Boxing’s Next Three Stars: Lomachenko, Verdejo and Andrade

By Matt Bevan (@MBevs68)

Last weekend we saw the crowning of Vasyl Lomachenko as a two-weight world champion in just seven fights, after he stopped Roman “Rocky” Martinez, a genuine, top quality operator himself, in the fifth round of their clash in New York.

It was fitting that Lomachenko did this in the first major fight since we lost “The Greatest” Muhammad Ali. Ali, who I didn’t do a column on last week as I wouldn’t do the great man justice compared to some other greats who did, will go down for many as the greatest of all time. Lomachenko could well be the best of this generation.

Many, myself included, have run of out of superlatives for the Ukrainian and the bandwagon is getting busier with every performance. He is truly mesmerising to watch in the ring. I’ve had the pleasure of seeing him live at the 2012 Olympics and there aren’t many fighters that I would break my neck to see live. He is one of the few.

To stop Martinez in the fashion that he did was spectacular. He is as tough as they come and only beaten by top level fighters like Ricky Burns and Mikey Garcia, whilst his recent scraps with Orlando Salido will live long in the memory.

He tried to take a leaf out of Salido’s book with Lomachenko. “Siri” of course out-manned Lomachenko in the Ukrainian’s second pro fight to deny a record setting world title victory. It was tight, but Salido, who weighed over the limit and employed some debatable tactics, edged a decision, handing Lomachenko a first loss 2007 and creating a blueprint for others.

But sadly for everyone else, including perhaps Salido, that blueprint has vanished, as Lomachenko has learned and come back with a vengeance. In some of his previous fights, he has taken too long to finish off his opponent, but that wasn’t the case against Martinez.

I’m pretty confident that Lomachenko will never lose again and would love to see the Salido rematch next. He will have too much for the grizzled Mexican veteran, who was involved in a barnburner with Francisco Vargas the week before, which ended in a draw, although I did score it for Salido.

I can see Lomachenko also winning a lightweight world title before his 10th fight just to add to his legend, that began in his stellar amateur days. Treasure him whilst he is active, you may never see another on his level again for a long time.

Also on the card was Felix Verdejo, who is well on his way to becoming the next Puerto Rican idol, following in the footsteps of Felix “Tito” Trinidad, Miguel Cotto and of course the hall of famers “Bazooka” Wilfredo Gomez and “El Radar” Wilfred Benitez.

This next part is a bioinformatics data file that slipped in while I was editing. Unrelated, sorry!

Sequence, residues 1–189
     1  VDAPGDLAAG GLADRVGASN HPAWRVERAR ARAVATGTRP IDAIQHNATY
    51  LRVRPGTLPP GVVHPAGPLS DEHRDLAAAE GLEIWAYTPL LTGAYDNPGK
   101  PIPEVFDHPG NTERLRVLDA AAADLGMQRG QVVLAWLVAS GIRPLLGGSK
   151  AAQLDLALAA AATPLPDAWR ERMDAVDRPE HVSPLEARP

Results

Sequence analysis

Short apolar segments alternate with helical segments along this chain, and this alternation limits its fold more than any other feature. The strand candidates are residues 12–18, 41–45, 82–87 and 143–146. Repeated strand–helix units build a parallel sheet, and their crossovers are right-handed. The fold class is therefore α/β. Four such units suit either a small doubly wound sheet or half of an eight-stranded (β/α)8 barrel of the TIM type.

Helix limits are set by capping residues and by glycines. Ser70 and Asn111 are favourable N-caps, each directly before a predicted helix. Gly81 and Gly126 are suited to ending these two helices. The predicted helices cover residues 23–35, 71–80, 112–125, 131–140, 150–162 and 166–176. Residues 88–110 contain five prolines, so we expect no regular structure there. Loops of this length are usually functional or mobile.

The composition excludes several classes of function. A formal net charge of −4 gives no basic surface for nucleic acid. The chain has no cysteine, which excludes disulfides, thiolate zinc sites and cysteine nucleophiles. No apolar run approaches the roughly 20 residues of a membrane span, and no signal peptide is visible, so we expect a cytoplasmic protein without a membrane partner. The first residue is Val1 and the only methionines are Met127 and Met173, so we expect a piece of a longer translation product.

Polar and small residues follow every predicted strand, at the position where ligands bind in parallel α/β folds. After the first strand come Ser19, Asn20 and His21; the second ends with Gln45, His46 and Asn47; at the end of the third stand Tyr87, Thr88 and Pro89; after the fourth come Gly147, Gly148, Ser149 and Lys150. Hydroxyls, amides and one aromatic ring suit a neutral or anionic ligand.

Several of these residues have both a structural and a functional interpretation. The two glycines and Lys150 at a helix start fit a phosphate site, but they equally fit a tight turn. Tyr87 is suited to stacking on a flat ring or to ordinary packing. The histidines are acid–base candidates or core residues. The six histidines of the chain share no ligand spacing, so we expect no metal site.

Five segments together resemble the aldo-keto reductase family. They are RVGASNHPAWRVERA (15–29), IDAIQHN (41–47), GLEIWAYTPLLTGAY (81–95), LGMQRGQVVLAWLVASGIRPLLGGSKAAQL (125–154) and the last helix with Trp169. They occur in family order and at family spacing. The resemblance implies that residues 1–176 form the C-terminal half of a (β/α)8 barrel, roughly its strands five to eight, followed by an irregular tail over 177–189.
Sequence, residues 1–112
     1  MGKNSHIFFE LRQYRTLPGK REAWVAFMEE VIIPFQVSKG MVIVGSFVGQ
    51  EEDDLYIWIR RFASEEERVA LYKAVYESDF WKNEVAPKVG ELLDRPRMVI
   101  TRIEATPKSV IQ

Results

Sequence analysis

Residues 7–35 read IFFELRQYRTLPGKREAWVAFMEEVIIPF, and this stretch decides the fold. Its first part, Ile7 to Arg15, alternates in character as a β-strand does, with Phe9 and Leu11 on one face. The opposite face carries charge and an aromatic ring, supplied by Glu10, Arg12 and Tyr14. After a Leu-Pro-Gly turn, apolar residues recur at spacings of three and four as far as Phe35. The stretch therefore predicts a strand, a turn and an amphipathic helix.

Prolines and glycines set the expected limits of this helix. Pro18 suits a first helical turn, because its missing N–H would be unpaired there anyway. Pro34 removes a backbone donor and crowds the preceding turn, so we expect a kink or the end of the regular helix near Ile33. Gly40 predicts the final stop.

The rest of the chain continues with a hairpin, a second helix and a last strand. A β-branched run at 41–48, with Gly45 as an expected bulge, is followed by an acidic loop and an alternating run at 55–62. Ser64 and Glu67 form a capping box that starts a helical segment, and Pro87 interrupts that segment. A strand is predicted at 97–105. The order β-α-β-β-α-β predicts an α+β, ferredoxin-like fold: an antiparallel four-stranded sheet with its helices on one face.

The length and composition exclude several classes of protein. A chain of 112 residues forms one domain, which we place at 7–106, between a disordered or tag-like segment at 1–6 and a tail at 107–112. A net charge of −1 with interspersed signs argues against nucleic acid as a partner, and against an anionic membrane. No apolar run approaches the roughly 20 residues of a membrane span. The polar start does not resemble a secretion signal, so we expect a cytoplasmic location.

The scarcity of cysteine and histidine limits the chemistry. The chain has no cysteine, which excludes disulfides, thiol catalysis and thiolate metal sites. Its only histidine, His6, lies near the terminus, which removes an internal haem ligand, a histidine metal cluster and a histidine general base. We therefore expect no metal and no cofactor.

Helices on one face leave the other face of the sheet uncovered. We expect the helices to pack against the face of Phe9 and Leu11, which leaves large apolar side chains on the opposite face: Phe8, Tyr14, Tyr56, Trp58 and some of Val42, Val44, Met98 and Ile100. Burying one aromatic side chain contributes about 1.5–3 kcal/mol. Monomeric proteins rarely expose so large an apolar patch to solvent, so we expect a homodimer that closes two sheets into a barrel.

Verdejo will have to go some to be considered amongst them, but he didn’t let anyone down on Saturday, smashing his way through Juan Jose Martinez in five rounds. It was a welcome return to form in New York for Verdejo, who has appeared to labour somewhat under the expectation and pressure in his wins over Ivan Najera and William Silva at The Garden.

The lightweight mix is starting to build some interest again after a couple of years in the doldrums with the emergence of Anthony Crolla, Terry Flanagan, Dejan Zlaticanin, as well as Jorge Linares coming to the fore recently. Verdejo isn’t far away from being considered amongst them.

In particular he will have an eye on Flanagan who holds the WBO title, the favourite of Top Rank and Frank Warren, especially as Verdejo holds the WBO Latino belt. Flanagan and Crolla would be top of my list of fights in the division, however if the Verdejo fight happened then I might well dust off the passport.

Boxing’s missing man Demetrius Andrade was also back last weekend, showing us all what we’ve been missing with an excellent win over Willie Nelson. It was just his second fight since his win over Brian Rose back in 2014 in Brooklyn and it’s fantastic to see him back in the ring after promotional and contractual issues.

His pedigree is superb. He is the last man to win a world championship gold medal for the USA, whilst his time in the professional ranks, aside from an early trip to the canvas against Vanes Martirosyan, has pretty much been perfect. On top of that he’s a great guy, which I found out when I met him in Liverpool when he came to support his friend Vladine Biosse against Callum Smith.

I’m more than confident to say that he would beat Jermell Charlo for the WBC title, a shot he could get after beating Nelson in an eliminator, but I would love to see him in a massive fight that he deserves, although we’ll likely have to wait for till next year for that.

There are rumblings that Liam Smith will face Canelo Alvarez in September this year, whilst Miguel Cotto is looking to return. Erislandy Lara wouldn’t be top of anyone’s list to fight, but I’d still edge Andrade. For me though, I think going after the Charlo twins would be an easy way for him to get his name back out there and get people talking once more.

There is also the possibility of a step up to middleweight, which would certainly not be too much of a hindrance as he is a big guy. 

Last week was a cracking weekend and a chance to see three fighters who could well be in everyone’s pound-for-pound top 10 lists in the near future. As a boxing fan it was a joy to watch all three.

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